I’ve wanted to buy an investment property for a while. It looks like anyone who has money in retirement also got the foresight to buy real property to rent out. However in my price range, no property will be perfect. I want someone to tell me how to purchase accommodations property – to hold my hand and help me choose which place to buy. But since that’s not heading to occur, I figured the next best thing was requesting expert David Meyer for some helpful tips.
Not only will Meyer own three investment properties, but he’s also the vice leader of growth and marketing at BiggerPockets, the world’s largest resource for real estate investors. I hopped on the phone with Meyer to go over why is a good local rental property. Here are nine steps he thinks every budding property trader should take. The very first thing you must do, Meyer said, is get to know your market by speaking with local real estate investors. You can look for meetups, such as the ones with this BiggerPockets list, or search for real estate associations in your area.
“One of the things people underestimate is the power of the network,” said Meyer. These connections could provide insight and advice customized to your area as well as leads on properties. Then it’s time to contact a lender to find out the loan and interest rate you’ll be eligible for. Meyer called this step “understanding your borrowing position,” and he said you should do it before choosing the property.
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- Income from life insurance and endowment contracts
- The Overview of Financial Studies, Vol. 20, No. 3, 813-857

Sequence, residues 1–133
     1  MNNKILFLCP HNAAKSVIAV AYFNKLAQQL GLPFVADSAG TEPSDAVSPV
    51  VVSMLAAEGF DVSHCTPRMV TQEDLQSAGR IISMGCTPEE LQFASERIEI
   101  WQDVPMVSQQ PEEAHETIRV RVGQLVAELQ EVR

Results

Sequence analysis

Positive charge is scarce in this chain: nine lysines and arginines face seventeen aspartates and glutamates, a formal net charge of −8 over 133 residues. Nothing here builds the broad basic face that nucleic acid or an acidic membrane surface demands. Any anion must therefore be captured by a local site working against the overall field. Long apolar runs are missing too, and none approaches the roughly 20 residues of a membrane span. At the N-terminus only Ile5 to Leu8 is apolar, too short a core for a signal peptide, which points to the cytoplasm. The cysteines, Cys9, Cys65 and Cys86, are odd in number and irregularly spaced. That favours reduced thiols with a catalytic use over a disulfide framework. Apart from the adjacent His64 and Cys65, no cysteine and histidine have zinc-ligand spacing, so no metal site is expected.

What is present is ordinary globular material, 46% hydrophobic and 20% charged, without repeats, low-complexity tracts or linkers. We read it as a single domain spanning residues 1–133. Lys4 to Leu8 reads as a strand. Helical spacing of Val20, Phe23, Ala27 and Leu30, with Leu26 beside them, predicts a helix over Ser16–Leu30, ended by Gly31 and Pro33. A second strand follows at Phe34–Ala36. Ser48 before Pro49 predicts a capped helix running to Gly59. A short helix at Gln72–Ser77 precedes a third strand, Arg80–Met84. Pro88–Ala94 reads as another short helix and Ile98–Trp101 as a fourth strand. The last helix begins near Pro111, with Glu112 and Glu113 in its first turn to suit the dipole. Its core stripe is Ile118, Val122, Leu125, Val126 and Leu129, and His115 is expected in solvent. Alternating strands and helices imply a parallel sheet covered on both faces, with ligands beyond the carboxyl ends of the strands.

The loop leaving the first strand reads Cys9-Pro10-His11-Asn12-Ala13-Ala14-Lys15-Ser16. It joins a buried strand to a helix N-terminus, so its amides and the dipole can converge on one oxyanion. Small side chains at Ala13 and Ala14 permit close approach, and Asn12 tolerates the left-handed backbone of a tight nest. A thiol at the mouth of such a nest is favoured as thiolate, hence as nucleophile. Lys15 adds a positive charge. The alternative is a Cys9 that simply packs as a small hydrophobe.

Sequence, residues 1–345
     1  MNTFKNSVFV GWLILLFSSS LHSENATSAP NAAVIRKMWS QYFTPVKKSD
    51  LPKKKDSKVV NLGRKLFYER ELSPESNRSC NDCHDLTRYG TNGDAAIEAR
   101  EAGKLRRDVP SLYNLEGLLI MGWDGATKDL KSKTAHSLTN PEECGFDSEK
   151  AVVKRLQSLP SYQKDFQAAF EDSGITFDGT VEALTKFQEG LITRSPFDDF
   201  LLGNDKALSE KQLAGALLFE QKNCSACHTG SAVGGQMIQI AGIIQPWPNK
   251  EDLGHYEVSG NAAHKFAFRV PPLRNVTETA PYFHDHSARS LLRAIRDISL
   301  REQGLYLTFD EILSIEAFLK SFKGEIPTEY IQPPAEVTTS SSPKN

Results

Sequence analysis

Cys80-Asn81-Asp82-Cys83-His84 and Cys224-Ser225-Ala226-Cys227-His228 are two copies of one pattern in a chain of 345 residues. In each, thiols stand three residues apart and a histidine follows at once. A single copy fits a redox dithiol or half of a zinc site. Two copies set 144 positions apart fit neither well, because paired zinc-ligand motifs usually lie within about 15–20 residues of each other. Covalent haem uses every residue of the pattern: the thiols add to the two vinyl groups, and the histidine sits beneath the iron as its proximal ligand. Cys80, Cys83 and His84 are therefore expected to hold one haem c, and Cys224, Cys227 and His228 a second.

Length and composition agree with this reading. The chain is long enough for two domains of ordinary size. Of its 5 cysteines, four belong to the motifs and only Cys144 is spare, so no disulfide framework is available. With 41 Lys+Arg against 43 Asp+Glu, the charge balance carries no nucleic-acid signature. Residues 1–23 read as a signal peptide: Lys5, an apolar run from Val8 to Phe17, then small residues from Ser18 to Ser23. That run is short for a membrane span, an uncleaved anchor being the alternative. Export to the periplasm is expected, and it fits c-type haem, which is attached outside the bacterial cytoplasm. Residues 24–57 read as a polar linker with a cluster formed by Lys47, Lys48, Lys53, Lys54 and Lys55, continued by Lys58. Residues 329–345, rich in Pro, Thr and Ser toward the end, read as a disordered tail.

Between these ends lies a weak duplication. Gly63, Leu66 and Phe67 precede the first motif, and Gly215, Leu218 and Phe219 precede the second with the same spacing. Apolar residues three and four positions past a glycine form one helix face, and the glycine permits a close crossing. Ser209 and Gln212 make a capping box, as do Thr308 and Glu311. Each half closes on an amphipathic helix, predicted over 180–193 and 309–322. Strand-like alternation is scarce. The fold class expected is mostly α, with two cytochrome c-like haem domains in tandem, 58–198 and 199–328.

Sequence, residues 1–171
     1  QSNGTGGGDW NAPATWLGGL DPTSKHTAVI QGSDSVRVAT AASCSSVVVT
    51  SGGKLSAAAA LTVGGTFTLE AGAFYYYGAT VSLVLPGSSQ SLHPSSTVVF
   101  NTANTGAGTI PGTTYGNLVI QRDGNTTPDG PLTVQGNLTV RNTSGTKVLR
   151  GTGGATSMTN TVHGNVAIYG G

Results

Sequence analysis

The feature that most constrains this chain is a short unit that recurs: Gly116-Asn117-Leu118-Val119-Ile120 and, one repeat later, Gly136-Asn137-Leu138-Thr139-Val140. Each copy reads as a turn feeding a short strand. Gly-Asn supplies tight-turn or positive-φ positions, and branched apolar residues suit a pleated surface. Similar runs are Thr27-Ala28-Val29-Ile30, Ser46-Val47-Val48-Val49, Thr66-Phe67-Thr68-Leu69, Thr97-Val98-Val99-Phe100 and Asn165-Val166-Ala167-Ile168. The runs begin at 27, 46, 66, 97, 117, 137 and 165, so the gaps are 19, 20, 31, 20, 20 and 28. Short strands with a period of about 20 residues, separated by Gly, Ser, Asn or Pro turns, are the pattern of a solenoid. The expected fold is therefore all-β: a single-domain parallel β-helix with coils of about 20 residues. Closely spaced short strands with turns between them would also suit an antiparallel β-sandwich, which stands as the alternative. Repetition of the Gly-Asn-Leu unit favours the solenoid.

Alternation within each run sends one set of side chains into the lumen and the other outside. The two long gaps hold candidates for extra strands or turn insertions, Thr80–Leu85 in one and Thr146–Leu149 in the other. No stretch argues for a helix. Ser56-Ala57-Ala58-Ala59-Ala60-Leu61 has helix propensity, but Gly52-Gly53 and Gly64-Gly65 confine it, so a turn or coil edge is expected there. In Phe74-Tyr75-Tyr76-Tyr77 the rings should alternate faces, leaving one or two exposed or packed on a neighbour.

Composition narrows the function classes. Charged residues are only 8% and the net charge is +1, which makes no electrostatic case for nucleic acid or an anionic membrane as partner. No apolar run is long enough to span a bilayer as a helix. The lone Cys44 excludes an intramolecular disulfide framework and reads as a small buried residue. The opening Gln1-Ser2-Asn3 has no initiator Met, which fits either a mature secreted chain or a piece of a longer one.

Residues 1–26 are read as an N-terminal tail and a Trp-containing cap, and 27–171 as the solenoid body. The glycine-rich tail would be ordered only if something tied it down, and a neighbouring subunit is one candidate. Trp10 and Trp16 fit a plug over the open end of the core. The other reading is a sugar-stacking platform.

- So how exactly does this whole large financial company thing work
- Decide which kind of investor you want to be
- Prepare a summary statement on audit results
That way, before you get worked up about a listing, you’ll know very well what your loan payment will be – rather than finding later that the monthly payments are higher than you expected. Now it’s time to think about who you’ll lease to – and the kind of community that will interest renters. “You don’t want a dingy studio in the middle of an upscale suburban community,” Meyer explained. Meyer, for example, invests in neighborhoods filled with young working specialists. By purchasing properties that are “appropriate for the certain area,” he said, it’s simpler to find quality tenants.
We all love Joanna Gaines from it show Fixer Upper. But also for a newbie buyer, that type of property probably isn’t the smartest strategy to use. “If it’s cosmetic – color, tile, hardwood flooring – that’s just your effort and is a great way to make money when you’re getting started,” said Meyer. Once you’ve found an investment property you like, it’s time for you to learn everything you can about any of it.
First and foremost, you should work out how much income you can expect to create from the local rental property. If the property is already rented out, ask the owner for its rental background – and then compare those rates to others in the region to make sure the owner is being honest with you. If it was an owner-occupied property previously, you can check Craigslist for accommodations that are similar in proportions, amenities, and location. Learning how much they’re renting for will provide you with a better notion of what you could charge.